### Problem statement

Given a singly linked list, find its length.

**Input:**

**Output:** 4.

As there are 4 nodes in the linked list.

**Input:**

**Output:** 0.

As there is no node in the linked list.

How do we define the length of a linked list?

The length of a linked list is the total number of nodes in it.

### Approach (Iterative)

We know how to iterate through the linked list. In an iteration, we visit each node exactly once. We can keep track of the count of each node visited and that will be the length of the linked list.

### Algorithm

- Initialize answer as 0.
- Iterate through the linked list and for each iteration increment the answer by 1.
- After the iteration completes, return the answer.

### Implementation:

using namespace std; struct Node { int val; Node* next; Node(int value){ val = value; next = NULL; } }; void push_front(Node** head, int new_val){ Node* new_node = new Node(new_val); new_node->next = *head; *head = new_node; } // function to find length of a linked list int length_iterative(Node* head){ int answer = 0; for(Node* i=head;i!=NULL;i=i->next){ answer ++; } return answer; } int main(){ Node *head = NULL; push_front(&head, 10); push_front(&head, 3); push_front(&head, 7); push_front(&head, 2); cout<

#### Output

4

**Time complexity:** O(n), since we are traversing the linked list once.

**Space complexity:** O(1), as we arenât using any extra space.

Here, ânâ is the number of nodes in the linked list.

### Approach (Recursive)

To solve this problem recursively, we need to break this problem down into subproblems as we do in all recursive approaches.

For a given node of a linked list, we know it will contribute 1 to the total length. So, now we need to find the length of the linked list following the current node and add 1 to it. Finding the length of the remaining list can be seen as the same problem and hence can be solved by calling the same function for the next node.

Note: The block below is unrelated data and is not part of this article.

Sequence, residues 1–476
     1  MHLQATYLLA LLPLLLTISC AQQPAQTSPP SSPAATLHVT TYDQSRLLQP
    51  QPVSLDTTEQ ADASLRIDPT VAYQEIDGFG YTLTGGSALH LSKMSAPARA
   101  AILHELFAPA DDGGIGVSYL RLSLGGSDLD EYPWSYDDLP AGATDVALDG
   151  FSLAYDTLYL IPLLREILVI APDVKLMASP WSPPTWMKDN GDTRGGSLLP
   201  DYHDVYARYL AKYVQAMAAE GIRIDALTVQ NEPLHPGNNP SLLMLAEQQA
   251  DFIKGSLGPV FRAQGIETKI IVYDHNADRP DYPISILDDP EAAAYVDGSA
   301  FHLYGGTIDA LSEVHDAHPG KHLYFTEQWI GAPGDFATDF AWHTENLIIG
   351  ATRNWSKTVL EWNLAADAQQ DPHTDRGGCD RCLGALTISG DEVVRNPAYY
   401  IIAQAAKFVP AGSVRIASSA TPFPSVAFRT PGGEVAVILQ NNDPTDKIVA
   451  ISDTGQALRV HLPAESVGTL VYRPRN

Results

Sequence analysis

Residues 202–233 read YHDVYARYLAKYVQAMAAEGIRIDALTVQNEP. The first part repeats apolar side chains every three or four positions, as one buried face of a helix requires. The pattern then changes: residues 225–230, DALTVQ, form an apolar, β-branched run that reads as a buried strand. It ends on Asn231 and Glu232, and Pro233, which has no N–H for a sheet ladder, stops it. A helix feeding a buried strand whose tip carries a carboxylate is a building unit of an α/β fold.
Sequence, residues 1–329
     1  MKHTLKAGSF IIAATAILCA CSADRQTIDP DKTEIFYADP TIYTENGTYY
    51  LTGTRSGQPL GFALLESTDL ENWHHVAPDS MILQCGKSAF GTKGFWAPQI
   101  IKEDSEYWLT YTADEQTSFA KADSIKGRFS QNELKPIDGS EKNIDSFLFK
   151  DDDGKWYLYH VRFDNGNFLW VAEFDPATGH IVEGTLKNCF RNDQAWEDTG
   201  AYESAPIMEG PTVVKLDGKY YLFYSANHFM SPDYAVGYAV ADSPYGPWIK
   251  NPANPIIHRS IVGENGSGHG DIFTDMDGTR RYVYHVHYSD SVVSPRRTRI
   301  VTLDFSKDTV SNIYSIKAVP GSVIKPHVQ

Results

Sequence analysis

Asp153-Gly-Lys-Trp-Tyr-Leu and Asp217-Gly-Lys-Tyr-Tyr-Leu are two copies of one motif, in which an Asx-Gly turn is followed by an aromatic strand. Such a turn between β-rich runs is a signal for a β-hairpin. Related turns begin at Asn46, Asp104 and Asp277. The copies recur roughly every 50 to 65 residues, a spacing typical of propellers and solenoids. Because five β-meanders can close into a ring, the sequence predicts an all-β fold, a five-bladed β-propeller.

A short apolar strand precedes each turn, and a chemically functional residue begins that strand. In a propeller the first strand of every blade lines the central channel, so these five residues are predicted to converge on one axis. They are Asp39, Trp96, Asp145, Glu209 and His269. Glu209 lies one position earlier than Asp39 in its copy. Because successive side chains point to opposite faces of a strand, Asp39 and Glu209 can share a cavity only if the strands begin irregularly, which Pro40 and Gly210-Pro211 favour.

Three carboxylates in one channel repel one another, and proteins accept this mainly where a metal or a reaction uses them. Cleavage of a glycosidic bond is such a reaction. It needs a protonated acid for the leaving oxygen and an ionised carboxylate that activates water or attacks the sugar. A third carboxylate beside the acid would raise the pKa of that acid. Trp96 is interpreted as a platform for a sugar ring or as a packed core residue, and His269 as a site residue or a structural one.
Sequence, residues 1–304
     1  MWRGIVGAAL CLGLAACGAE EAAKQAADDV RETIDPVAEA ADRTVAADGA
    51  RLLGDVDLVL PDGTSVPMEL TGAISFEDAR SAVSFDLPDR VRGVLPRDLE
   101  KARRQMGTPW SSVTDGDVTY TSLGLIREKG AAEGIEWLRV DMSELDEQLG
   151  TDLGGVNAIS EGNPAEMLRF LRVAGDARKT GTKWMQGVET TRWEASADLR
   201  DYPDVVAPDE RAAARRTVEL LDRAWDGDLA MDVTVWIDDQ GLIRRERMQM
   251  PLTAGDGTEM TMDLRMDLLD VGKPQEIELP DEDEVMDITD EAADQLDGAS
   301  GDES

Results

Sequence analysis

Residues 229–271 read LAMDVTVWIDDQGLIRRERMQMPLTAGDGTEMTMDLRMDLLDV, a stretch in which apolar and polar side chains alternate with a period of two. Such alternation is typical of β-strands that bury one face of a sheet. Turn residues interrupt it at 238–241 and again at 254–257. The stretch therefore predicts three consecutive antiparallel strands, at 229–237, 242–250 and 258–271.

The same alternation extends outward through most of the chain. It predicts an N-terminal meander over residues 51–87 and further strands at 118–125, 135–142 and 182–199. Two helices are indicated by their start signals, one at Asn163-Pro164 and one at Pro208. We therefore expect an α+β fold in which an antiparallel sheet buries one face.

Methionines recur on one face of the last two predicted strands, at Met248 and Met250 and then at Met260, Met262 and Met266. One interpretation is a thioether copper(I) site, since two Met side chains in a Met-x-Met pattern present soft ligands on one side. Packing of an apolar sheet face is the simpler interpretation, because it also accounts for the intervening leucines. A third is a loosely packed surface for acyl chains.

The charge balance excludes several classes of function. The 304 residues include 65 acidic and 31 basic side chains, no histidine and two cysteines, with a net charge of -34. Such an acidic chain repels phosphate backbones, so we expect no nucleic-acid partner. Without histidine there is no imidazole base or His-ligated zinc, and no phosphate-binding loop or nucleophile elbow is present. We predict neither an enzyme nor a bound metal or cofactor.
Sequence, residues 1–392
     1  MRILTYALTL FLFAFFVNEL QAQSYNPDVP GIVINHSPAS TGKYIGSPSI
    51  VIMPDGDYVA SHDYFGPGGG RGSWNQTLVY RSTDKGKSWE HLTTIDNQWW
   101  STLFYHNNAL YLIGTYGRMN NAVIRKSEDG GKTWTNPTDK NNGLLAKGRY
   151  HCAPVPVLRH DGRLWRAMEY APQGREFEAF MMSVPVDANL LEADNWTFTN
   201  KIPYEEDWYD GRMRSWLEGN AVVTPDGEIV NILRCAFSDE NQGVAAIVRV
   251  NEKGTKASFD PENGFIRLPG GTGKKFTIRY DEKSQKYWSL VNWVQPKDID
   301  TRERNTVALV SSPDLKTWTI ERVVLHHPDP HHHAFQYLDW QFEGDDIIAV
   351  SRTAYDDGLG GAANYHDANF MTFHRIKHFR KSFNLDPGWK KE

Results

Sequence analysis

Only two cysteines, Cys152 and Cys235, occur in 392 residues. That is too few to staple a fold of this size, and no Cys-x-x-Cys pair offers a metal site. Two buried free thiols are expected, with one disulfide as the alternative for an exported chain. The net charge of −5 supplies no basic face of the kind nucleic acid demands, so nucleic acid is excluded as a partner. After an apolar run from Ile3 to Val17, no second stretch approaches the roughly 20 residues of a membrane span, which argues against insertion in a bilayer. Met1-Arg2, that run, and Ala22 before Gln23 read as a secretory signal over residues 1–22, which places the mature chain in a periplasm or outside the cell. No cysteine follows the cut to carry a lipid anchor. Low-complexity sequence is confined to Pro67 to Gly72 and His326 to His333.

So, the length of a linked list with âheadâ as a pointer to 1^{st} node can be written as: **length(head) = 1 + length(head->next)**

The length will be 0 for an empty linked list. This can be used as the base case in our recursive function.

Since it is clear what we need to do, take some time and think about how we are going to do it.

### Algorithm

- If head points to NULL, return 0. (base case)
- Else recursively call the same function for head->next and add 1 to its result.
- Return the answer.

### Implementation

using namespace std; struct Node { int val; Node* next; Node(int value){ val = value; next = NULL; } }; void push_front(Node** head, int new_val){ Node* new_node = new Node(new_val); new_node->next = *head; *head = new_node; } int length_recursive(Node* head){ if(head==NULL) return 0; return 1 + length_recursive(head->next); } int main(){ Node *head = NULL; push_front(&head, 10); push_front(&head, 3); push_front(&head, 7); push_front(&head, 2); cout<

#### Output

4

**Time complexity:** O(n), as we are completely traversing the linked list once.

**Space complexity:** O(n), due to recursive function call stack.

Here ânâ is the number of nodes in the linked list.

Through this article, we learned how to find the length of a singly linked list using both iterative and recursive methods. If you want to solve more questions on Linked List, which are curated by our expert mentors at PrepBytes, you can follow this link Linked List.